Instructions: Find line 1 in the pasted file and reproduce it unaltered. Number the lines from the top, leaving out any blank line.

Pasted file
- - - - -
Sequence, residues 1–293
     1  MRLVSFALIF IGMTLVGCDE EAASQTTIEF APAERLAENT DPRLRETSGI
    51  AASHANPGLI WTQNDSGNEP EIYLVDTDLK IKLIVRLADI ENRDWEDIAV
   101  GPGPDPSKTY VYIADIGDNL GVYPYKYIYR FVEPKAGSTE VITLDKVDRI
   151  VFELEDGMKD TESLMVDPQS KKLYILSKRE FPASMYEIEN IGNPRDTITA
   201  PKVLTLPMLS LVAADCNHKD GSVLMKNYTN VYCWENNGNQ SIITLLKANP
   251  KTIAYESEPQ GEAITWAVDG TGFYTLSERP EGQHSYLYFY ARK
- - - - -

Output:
Sequence, residues 1–293